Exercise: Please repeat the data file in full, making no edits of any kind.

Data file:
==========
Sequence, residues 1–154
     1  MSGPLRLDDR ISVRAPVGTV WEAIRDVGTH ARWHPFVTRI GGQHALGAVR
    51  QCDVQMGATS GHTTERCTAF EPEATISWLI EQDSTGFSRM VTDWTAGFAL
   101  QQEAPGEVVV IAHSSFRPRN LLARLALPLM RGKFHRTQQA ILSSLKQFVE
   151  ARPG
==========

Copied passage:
Sequence, residues 1–154
     1  MSGPLRLDDR ISVRAPVGTV WEAIRDVGTH ARWHPFVTRI GGQHALGAVR
    51  QCDVQMGATS GHTTERCTAF EPEATISWLI EQDSTGFSRM VTDWTAGFAL
   101  QQEAPGEVVV IAHSSFRPRN LLARLALPLM RGKFHRTQQA ILSSLKQFVE
   151  ARPG